So, sweet song lyrics and romantic sayings are great… but I have to admit, I kind of like the slightly ruder ones, as does Rachel:

rachelcastle6

Turns out, not everyone agrees… not one “DOUCHE” print sold. Shame, I think it’s hilarious! And then in the speed round I just had to ask… did she have a wiener dog that looks just like mine? Yep! Granted, she calls hers a “sausage dog”, because, Australia:

rachelcastle7

So cute! Oh, and that DAMN sweatshirt… yeah, we didn’t actually talk about that, I just really want it. That’s all.

Ok, and that’s that! Thanks so much to Rachel for talking to me for an hour in a very hot car, thanks to Saatchi Art for supporting the episode, and thanks to you for listening! There will be more art for your ear next weekend! xo

Other Links:

  1. Lucas Grogan
  2. Wayne White
  3. Roots

 





tina berning

tinaberning
tinaberning2

Oh. Tina Berning. I wrote about this fabulous Berlin based artist years ago… um, why haven’t I written again!? Well, I am fixing that right now. She creates beautiful illustrations for magazines etc, but her “diary” is what I can’t get enough of. It is filled, and I mean FILLED, with so many beautiful things. Found paper, inky lines, lovely women, strange groups of people that I want to know more about… and I just noticed a bit of embroidery! Sigh. So beautiful. Happy Friday.





cayce zavaglia

caycezavaglia

Brace yourself… embroidered portraits. Yep, insanely detailed embroidered portraits by American artist Cayce Zavaglia. I have loved her work for years but never wrote about it because, well, everyone else already had! You know what… I don’t care! Look at this embroidery, these beautiful color choices, and all of those lovely faces. It’s like impressionism, but with thread. STUNNING. Sigh. There, I feel better.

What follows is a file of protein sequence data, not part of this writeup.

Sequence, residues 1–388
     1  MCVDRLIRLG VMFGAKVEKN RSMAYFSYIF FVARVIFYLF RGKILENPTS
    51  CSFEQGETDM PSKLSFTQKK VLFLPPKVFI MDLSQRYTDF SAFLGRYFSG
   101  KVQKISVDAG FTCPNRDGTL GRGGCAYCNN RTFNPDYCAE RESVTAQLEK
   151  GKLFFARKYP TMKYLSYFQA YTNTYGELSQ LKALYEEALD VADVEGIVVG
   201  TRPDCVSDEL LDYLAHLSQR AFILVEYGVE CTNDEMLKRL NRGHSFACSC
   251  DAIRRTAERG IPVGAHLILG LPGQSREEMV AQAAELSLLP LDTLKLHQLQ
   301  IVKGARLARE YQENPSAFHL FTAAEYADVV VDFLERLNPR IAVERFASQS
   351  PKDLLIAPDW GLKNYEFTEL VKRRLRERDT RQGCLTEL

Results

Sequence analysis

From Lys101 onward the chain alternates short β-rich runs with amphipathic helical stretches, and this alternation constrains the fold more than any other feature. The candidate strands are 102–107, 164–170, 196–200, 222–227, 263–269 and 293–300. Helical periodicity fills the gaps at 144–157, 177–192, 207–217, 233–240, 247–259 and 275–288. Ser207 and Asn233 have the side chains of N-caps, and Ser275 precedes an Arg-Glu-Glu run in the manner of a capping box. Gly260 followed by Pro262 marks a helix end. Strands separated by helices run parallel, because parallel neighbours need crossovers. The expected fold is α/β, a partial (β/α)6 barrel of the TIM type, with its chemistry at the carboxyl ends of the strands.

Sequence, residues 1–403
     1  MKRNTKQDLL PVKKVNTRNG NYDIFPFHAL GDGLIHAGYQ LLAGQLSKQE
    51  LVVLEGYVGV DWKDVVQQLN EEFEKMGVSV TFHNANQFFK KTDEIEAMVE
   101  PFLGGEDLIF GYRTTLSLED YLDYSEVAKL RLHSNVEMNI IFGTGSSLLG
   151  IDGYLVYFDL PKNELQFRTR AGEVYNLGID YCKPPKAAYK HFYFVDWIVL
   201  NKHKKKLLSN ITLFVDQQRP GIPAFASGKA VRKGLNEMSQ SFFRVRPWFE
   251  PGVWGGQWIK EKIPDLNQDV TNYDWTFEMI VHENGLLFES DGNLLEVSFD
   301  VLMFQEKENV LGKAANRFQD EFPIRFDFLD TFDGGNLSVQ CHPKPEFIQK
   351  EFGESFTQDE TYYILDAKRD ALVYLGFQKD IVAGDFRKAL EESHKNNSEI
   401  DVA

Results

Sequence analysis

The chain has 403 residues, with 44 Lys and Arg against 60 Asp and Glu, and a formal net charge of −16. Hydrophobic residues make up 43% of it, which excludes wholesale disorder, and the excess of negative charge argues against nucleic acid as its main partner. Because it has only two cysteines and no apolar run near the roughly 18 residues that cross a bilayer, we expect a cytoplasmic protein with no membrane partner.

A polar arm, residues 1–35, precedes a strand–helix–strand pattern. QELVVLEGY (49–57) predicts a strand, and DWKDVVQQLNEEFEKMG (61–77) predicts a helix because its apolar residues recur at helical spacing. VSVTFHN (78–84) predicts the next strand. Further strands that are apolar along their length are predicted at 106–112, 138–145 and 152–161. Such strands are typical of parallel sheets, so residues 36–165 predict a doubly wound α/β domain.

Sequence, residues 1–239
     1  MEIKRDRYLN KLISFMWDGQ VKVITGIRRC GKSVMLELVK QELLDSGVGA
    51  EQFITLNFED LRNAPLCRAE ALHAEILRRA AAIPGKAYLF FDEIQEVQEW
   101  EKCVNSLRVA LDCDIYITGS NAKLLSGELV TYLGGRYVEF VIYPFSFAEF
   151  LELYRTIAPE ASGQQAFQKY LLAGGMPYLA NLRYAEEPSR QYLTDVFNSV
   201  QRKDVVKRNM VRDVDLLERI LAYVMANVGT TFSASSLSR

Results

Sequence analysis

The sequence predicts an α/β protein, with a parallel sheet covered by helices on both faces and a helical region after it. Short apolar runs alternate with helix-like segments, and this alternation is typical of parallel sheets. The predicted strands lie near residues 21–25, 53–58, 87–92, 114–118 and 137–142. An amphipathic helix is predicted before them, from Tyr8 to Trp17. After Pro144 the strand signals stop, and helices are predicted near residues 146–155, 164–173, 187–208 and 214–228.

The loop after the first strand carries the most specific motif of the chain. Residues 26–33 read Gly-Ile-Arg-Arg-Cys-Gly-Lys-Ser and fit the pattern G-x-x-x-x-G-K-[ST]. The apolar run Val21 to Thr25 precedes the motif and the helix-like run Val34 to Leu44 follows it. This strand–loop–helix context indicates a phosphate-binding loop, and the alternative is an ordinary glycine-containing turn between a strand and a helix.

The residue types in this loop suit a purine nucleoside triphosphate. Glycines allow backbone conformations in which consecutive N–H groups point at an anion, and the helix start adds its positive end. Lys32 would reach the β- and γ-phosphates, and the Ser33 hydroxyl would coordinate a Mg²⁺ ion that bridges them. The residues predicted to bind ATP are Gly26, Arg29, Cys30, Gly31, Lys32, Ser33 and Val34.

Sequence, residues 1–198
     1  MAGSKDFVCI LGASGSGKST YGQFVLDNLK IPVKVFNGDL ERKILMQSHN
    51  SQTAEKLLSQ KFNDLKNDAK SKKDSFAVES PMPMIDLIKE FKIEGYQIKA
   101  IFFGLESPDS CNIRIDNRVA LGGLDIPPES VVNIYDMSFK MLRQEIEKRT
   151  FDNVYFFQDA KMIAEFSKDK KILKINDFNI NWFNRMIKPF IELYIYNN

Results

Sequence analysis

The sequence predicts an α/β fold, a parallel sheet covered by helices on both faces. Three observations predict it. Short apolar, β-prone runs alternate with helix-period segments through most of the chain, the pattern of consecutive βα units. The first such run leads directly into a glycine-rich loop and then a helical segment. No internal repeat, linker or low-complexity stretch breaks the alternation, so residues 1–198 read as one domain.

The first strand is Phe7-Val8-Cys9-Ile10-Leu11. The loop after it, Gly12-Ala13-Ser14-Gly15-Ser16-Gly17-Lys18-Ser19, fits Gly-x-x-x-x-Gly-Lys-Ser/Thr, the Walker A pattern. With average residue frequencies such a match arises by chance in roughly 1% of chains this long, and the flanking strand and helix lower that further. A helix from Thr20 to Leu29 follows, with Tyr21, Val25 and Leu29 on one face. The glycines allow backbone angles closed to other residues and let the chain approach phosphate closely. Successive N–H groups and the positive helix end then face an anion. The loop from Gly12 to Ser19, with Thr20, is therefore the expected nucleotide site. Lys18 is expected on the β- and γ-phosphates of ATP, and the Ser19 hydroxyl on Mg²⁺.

{Thanks to my friend Melinda at Good Eye Gallery for reminding me about Cayce’s work}





“painting with thread”

stephclark1

Sigh. Yet another artist whose work I’ve loved for years and years. I’m talking to American artist Stephanie K. Clark. Right off the bat she answered one of my questions almost poetically… how does she describe her work? She “paints with thread”. Love. We talk about art vs. craft, our love of houses, and our shared fascination with peeking into people’s windows at night … don’t judge us. You can listen to our conversation right up there under that lovely blue house, or you can subscribe on iTunes

Let’s start with a few of her fantastic houses. The plan had been to pick two or three… but clearly that was impossible:

stephclark2
stephclark2b

Gah! I love them all so much {and ps. she does commissions… in fact, she quit her day job because so many people want their homes “painted in thread”}. It’s really hard to tell from the photos, but a lot of these are shadow boxes, so you really can look into the windows as the pattern you see is actually a couple of inches back. Did that make sense at all?

Now, onto her dreamy clouds… thread with just a bit of pastel in the background:

stephclark3

Sunsets, not sunrises apparently … the speed round revealed that she is not a morning person! Up next, her tiny but gorgeous little rugs:

stephclark4

Oh. I love them… all 3 inches of them! These are a few of the pieces she’ll be showing this coming May at Good Eye Gallery in LA (Eagle Rock). And of course, after all of the talking about her red hair, I had to show you what a hot mama Stephanie is:

stephclark5

Look at her, doing it all! Baby in arms, fabulous hair, holding up a magazine featuring her beautiful work. Not too shabby!

And with that I will say thanks to Steph for taking a break from her incredibly busy life to chat with me, thank you to Saatchi Art for supporting the episode and as always, thank YOU for listening {and if you feel like leaving a rating on iTunes that would make me so happy}. Ok, happy Saturday… see you next week when there will be more art for your ear.

Other Links: UMOCA  //  Flight of the Conchords





“i’m a bit impatient”

susannabauer1